The Perfect Egg

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How many times have you had a fried egg with a tough, chewy white? Or, my least favorite version, a white that is overcooked on the bottom and gooey on top? This technique call for you to cover the skillet, which steams the top of the egg while cooking it from the bottom. For several eggs, use a larger skillet.–Lucinda Scala Quinn

LC It's All in the Pan Note

We’ve made the egg in both a nonstick pan and a well-seasoned cast-iron skillet. We can attest that while both work beautifully, we’re partial to the cast-iron skillet. Very partial. To the point of, well, never mind. Mom always said if you can’t say something nice, don’t say anything at all…

The Perfect Egg Recipe

  • Quick Glance
  • 5 M
  • 5 M
  • Makes 1 egg

Ingredients

  • 1/2 teaspoon unsalted butter
  • 1 large egg
  • 1 teaspoon water
  • Salt and freshly ground pepper

Directions

  • 1. Heat a small cast-iron or nonstick skillet over medium-high heat.
  • 2. Add the butter and swirl it to coat the skillet. Immediately crack the egg into the skillet. Add the water to the pan, reduce the heat to medium-low, cover, and cook for 1 minute.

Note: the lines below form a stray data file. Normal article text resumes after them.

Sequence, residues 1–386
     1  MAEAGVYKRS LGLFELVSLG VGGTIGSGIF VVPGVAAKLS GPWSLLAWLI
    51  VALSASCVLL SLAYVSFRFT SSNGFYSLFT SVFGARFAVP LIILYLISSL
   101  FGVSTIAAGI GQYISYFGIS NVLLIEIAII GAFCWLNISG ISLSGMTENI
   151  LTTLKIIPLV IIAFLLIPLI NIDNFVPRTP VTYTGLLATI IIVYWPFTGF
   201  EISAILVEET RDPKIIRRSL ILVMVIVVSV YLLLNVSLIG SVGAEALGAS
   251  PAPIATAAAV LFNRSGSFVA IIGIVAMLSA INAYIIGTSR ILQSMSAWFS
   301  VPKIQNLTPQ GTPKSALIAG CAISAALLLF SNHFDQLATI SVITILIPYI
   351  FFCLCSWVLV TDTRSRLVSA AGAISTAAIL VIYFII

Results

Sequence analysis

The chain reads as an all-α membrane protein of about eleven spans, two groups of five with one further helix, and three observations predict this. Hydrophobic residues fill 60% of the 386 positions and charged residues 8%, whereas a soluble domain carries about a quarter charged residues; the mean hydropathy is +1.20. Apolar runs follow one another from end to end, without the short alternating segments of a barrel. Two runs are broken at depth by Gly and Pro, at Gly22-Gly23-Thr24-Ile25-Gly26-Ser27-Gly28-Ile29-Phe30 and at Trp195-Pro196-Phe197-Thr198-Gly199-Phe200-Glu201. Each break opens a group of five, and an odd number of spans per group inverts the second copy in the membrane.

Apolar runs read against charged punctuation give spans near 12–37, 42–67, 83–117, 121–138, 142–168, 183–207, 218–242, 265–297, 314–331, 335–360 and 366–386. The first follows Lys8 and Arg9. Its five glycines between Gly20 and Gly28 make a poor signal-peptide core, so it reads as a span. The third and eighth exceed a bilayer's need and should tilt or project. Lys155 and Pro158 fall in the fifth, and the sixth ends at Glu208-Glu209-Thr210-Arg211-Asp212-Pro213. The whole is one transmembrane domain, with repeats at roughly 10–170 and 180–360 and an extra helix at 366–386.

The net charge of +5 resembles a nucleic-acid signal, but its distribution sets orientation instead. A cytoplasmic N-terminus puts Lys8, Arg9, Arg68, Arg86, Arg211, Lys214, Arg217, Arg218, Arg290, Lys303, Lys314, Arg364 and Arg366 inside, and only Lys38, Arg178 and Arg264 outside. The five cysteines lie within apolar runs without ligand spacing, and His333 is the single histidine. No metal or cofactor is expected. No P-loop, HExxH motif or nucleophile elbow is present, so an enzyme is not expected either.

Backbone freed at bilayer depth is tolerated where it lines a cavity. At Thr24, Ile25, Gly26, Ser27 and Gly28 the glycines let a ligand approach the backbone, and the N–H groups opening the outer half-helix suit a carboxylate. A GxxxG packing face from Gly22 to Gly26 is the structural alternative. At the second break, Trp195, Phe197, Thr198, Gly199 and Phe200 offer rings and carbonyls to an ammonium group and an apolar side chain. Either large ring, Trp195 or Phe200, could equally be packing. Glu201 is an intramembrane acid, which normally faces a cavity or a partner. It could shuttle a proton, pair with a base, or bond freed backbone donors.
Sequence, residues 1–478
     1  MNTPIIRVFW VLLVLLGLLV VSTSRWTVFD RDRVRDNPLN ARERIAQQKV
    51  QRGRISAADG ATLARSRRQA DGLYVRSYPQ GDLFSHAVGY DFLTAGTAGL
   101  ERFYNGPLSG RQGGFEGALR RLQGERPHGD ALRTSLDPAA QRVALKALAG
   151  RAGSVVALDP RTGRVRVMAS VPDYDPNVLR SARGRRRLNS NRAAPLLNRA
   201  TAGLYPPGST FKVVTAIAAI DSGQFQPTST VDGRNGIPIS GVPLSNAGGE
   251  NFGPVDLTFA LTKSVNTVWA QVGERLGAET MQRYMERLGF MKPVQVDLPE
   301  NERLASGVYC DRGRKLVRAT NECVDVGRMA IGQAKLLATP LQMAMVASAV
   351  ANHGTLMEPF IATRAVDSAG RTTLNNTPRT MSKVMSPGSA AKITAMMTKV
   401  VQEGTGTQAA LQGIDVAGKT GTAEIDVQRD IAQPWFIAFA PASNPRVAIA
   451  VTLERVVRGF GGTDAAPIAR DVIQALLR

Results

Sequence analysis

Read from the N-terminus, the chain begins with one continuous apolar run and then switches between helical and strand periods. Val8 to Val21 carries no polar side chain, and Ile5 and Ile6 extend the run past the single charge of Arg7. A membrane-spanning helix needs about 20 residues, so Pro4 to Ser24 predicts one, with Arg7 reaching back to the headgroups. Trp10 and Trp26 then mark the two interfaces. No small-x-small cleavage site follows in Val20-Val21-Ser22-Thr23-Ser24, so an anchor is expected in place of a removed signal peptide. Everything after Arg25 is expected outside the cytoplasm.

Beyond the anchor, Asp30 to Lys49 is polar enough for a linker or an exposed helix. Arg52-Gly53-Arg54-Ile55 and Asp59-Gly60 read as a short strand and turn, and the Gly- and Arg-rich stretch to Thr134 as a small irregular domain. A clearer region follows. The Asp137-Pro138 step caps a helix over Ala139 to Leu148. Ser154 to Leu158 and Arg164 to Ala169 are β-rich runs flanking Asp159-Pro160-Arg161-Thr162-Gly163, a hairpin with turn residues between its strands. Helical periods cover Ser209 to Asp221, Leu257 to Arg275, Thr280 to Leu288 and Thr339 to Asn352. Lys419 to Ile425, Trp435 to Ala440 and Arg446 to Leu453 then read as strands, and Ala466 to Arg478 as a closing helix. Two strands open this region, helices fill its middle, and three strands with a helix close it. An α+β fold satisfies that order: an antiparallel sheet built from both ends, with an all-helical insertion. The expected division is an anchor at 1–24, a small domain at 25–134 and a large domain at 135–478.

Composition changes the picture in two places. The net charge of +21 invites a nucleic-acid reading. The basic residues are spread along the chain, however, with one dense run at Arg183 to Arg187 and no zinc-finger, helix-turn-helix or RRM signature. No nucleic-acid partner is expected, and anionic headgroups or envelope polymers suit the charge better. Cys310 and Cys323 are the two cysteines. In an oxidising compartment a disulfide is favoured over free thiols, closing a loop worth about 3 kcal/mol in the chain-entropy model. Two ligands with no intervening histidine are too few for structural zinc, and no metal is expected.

• 3. Remove the egg from the pan immediately. Season to taste with salt and pepper and serve.
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Comments
Comments
  1. Nancy says:

    This is exactly how my grandmother taught me to make eggs and it does indeed make a perfectly cooked egg. It’s how she taught me to count by counting out loud, together, the 60 seconds in a minute. When I was older, we worked our way up to counting out the seconds needed for a four-minute soft-boiled egg.

  2. Sharon says:

    This is true. I do this with my one egg-size Le Crueset pan (orange exterior, white ceramic interior.) I learned this by error one day, while cooking something else, in a “disaster” kitchen (you know the kind). I had nowhere else to park a lid from the soup pot while I stirred. On my egg the lid went. It had some moisture from the soup, and started sizzling, so I turned its heat off but left it while I stirred. Well, what’s the saying? The mother of invention. Something. I used to think I was going to have to poach ONE egg. Nope!

  3. Cheryl says:

    How simple and how good is this way to cook eggs! Every Sunday night I cook a rosti with par-boiled grated potatoes and leftovers and eggs on top, with a bit of salad on the side. The eggs crisp too much on the bottom while I wait for the tops to cook. It never occured to me to cook eggs this way until I read your email. Tried it, and the result was perfect. Thanks so much for your website and the time and dedication you put towards it and sharing so many great recipes. Recipes of yours have become family favourites. Now, how do I make the perfect poached egg?! Regards, Cheryl

    • Joe M says:

      It’s been a long time, but…